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Handling GitHub PR dependencies without breaking a sweat

Greg Foster
Greg Foster
Graphite software engineer


This guide explains this concept in vanilla Git. For Graphite documentation, see our CLI docs.

Managing complex dependencies across pull requests can turn into a complex mess.

Teams get bogged down with blocked merges. Tricky reviews pile up. Tedious conflict resolution wears people down. Progress slows to a crawl.

However, it doesn't have to be this way—using the right workflows, we'll explore how you can smooth out PR dependencies. We’ll see techniques and workflows designed to streamline your process, moving from a state of complex dependencies to a more manageable and efficient system. Let’s get right into it.

the 3 main challenges with dependent PRs: blocked PRs; hard to rest/review; merge conflicts

Before we get into solutions, let’s look at some of the issues you may have experienced with PRs that have dependencies.

_“Biggest pain point at the moment in npm dependencies. Occasionally the size of the deployment for one of our projects balloons and we have to go around tracking down what's going on. What I'd like to be able to do is to centrally manage dependencies across multiple projects.” — _A Reddit user

With dependent PRs, you often run into situations where one or more PRs are blocked and cannot be merged until other PRs are merged first.

Blocked PRs are problematic for a few key reasons:

  • They clutter the pull request queue and make it difficult to see what code is actually ready to merge.

  • The blocked code risks getting stale and outdated as the main branch progresses.

  • Engineers feel blocked from completing their work while waiting for dependencies to merge first.

  • Long-blocked PR queues signal code review process issues that slow delivery.

_“One thing that I have noticed both in internships and full-time work is how getting your PR reviewed feels like pulling teeth. If I just make a PR and don’t message anyone asking them to review it, it won’t get reviewed until the end of the sprint, and if they request changes, then I won’t have time to complete the ticket before the end of the sprint.” — _Reddit user

When a parent PR has multiple dependent PRs, it becomes exceedingly difficult to test and review properly:

  • There is no integrated environment to validate if all the interconnected changes spanning PRs work correctly end-to-end.

  • Parsing complex code across many PR dependencies strains cognitive capacity as it requires significant mental overhead to maintain full context across branches.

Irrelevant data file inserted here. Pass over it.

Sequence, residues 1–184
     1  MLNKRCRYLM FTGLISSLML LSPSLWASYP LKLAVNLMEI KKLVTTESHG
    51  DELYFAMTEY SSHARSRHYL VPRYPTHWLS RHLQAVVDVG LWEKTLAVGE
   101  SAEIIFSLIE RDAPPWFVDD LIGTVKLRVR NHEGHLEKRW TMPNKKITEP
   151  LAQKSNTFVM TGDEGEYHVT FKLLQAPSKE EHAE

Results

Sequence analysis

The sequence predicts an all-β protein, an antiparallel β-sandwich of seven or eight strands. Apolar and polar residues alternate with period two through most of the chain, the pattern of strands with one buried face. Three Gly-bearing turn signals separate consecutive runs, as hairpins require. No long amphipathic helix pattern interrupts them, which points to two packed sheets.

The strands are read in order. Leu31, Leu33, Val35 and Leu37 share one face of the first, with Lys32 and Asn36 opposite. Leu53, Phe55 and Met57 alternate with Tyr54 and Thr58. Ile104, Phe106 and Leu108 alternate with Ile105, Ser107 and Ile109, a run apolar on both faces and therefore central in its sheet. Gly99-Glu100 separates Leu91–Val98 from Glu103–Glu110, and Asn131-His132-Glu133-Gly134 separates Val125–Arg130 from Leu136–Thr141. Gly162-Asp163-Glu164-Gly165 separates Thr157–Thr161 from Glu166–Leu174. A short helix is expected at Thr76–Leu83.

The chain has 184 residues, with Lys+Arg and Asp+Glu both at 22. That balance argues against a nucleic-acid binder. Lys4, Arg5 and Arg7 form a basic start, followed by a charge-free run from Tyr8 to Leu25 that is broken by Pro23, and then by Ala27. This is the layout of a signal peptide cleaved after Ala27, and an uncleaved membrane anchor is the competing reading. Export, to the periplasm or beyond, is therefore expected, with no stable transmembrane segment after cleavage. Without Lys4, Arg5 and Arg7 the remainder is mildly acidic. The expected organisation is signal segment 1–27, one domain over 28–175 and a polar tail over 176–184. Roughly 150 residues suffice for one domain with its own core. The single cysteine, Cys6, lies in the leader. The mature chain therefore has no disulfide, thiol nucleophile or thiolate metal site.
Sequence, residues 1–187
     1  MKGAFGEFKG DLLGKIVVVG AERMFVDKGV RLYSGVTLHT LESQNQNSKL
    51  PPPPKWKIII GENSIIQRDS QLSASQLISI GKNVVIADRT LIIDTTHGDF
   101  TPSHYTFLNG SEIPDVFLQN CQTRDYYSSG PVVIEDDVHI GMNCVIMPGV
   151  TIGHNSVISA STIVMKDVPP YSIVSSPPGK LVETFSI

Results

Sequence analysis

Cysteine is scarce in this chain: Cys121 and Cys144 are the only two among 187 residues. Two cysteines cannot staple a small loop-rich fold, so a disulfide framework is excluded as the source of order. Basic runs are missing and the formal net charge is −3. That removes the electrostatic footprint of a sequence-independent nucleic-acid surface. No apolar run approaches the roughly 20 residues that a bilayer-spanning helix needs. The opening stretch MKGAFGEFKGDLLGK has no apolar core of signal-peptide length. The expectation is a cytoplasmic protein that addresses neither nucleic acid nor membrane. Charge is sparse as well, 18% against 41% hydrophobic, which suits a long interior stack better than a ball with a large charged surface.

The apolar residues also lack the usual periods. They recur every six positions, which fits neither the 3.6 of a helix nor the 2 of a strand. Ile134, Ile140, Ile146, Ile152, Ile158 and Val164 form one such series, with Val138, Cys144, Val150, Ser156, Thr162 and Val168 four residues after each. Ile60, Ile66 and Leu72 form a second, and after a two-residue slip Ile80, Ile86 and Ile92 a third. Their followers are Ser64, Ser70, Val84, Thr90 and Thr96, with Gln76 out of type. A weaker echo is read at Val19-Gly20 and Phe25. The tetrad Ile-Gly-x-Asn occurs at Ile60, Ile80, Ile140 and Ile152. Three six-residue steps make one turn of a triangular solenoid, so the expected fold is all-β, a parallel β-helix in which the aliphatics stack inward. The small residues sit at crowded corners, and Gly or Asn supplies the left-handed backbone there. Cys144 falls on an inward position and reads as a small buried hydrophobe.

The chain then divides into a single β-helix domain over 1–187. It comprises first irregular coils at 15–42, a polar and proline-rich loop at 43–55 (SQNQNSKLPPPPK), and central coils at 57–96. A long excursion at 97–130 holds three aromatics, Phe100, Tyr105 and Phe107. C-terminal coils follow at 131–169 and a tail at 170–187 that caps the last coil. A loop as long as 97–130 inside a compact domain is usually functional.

• Chasing issues across isolated branches lacks efficiency, and the test and review velocity slows down.

  • The code awaits quality testing and feedback longer, so downstream bugs and tech debt continue to accumulate.

  • Confidence in testing suffers since validation scenarios are split across branches mid-development.

As the number of dependent PRs increases, so does the complexity reviewers must juggle, both in testing systems and analyzing changes. This tangled process exaggerates problems and frustrations around delivering quality code.

If a dependent PR gets merged before the parent, you end up with code that will not work anymore. Merging the parent PR after the dependent one can cause merge conflicts, which can be extremely tricky to resolve correctly:

  • The dependent PR changed files or code that the parent PR also touches. Git sees both PRs trying to edit the same sections of code and can't reconcile the changes.

  • New functions, classes, imports, etc., added in the dependency PR now make the old unchanged parent PR code out of date. The mismatches in the codebase result in conflicts.

  • Progress on the main branch since the parent PR was opened—bug fixes, refactors, new features—clashes with the old state of the code in the still-open parent PR.

Essentially, changes from the dependency PR and on main branch diverge from the parent PR's code. Git runs into conflicting edits across the branches and can't merge them cleanly. This results in merge conflicts that block automatically merging the parent PR.

All of the above issues become even more evident when the number of unorganized, dependent PRs increases.

A lack of support for properly defining and managing dependencies between PRs can seriously hinder your workflow! Let's delve into some solutions.

Much of the frustration from dependency issues can be eliminated by having a sensible Git branching model in place. While there are many flavors of Git workflows you could use, one very effective and popular workflow for managing dependencies is the Gitflow branching model. This model was first published and made popular by Vincent Driessen at NVIE.

At a high level, Gitflow separates work into two primary branches:

  • Main: The mainline branch for production-ready code.

  • Develop: The main integration branch for new feature work.

Some downsides to this approach: